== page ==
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Scientists develop 'green' superhydrophobic coating

10 December 2015

An international group of scientists have developed a new class of superhydrophobic nanomaterials that match the best water repellent.

A scanning electron microscope image of the new superhydrophobic material shows the rough surface of functionalised alumina nanoparticles (courtesy of the University of Swansea)

The material, made by scientists at Rice University, the University of Swansea, the University of Bristol and the University of Nice Sophia Antipolis, is inexpensive, non-toxic and can be applied to a variety of surfaces via spray- or spin-coating. The hydrocarbon-based material may be a 'green' replacement for costly, hazardous fluorocarbons commonly used for superhydrophobic applications.

The research was led by Rice chemist, Andrew Barron, whose attention was focused on the hydrophobic properties of the lotus leaf, which spring from its hierarchy of microscopic and nanoscale double structures.

"In the lotus leaf, these are due to papillae within the epidermis and epicuticular waxes on top," he said. "In our material, there is a microstructure created by the agglomeration of alumina nanoparticles mimicking the papillae and the hyperbranched organic moieties simulating the effect of the epicuticular waxes."

Fabrication and testing of what the researchers call a branched hydrocarbon low-surface energy material (LSEM) were carried out by Shirin Alexander, a research officer at the Energy Safety Research Institute at the Swansea University Bay Campus.

There, Alexander coated easily synthesised aluminium oxide nanoparticles with modified carboxylic acids that feature highly branched hydrocarbon chains. These spiky chains are the first line of defence against water, making the surface rough. This roughness, a characteristic of hydrophobic materials, traps a layer of air and minimises contact between the surface and water droplets, which allows them to slide off.

An environmentally friendly superhydrophobic coating repels water as effectively as commercial coatings that employ hazardous materials (diagram: Shirin Alexander/University of Swansea)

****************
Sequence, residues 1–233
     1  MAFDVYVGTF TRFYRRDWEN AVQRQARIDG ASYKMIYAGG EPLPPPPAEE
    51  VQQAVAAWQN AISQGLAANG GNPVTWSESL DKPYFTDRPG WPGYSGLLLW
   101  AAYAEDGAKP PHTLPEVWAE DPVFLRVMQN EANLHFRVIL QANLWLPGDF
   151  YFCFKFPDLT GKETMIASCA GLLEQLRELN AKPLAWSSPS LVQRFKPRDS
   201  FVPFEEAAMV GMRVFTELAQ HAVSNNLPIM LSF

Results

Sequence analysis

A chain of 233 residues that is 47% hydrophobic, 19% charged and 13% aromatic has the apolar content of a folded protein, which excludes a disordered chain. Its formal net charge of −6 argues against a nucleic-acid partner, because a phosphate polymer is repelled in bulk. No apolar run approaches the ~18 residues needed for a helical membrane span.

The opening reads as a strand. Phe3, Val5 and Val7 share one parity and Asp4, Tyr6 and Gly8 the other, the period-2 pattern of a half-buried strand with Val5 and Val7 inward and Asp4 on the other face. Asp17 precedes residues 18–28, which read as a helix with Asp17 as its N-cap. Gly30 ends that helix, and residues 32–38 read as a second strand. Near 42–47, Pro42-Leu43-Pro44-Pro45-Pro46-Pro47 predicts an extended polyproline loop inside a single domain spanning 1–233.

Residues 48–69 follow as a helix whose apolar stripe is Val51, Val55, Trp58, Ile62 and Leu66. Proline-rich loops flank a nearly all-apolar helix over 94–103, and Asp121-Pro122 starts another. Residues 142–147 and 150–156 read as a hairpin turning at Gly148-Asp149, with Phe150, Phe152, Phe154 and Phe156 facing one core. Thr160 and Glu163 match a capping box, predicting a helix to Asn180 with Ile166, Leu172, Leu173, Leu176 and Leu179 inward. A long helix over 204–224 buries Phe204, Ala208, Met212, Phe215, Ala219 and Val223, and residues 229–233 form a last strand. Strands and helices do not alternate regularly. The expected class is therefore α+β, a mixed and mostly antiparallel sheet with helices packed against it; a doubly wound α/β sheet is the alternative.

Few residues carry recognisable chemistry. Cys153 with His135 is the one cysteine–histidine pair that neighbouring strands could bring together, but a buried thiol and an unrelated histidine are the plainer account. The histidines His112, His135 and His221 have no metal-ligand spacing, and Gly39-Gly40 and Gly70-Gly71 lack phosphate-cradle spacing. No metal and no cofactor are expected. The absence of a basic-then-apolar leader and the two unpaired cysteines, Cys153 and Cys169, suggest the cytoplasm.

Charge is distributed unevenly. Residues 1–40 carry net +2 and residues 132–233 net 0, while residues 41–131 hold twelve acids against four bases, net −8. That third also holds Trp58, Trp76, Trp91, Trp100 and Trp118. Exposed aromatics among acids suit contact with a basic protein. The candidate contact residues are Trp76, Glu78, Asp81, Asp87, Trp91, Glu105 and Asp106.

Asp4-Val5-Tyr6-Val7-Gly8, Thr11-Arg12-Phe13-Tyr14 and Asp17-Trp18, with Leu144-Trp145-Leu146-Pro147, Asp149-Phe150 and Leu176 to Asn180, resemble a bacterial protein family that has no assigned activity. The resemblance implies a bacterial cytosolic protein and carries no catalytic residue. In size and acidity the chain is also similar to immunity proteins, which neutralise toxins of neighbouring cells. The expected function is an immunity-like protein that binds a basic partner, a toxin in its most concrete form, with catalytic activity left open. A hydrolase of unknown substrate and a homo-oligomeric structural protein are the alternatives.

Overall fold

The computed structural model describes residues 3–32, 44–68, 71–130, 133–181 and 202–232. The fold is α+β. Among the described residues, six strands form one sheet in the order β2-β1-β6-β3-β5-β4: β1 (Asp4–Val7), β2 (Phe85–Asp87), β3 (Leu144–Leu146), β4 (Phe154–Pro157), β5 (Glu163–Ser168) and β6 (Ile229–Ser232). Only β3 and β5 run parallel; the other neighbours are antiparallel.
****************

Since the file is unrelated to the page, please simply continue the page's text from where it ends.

To be superhydrophobic, a material has to have a water contact angle (the angle at which the surface of the water meets the surface of the material) larger than 150 degrees. The greater the beading, the higher the angle. An angle of 0 degrees is basically a puddle, while a maximum angle of 180 degrees defines a sphere just touching the surface.

Barron's team's LSEM, with an observed angle of about 155 degrees, is essentially equivalent to the best fluorocarbon-based superhydrophobic coatings. Even with varied coating techniques and curing temperatures, the material retained its qualities, the researchers reported.

Potential applications include friction-reducing coatings for marine applications where there is international agreement in trying to keep water safe from such potentially dangerous additives as fluorocarbons. "The textured surfaces of other superhydrophobic coatings are often damaged and thus reduce the hydrophobic nature," he said. "Our material has a more random hierarchical structure that can sustain damage and maintain its effects."

The team is now working to improve the material's adhesion to various substrates, as well as looking at large-scale application to surfaces.

An article describing this work is published in the American Chemical Society journal ACS Applied Materials and Interfaces.


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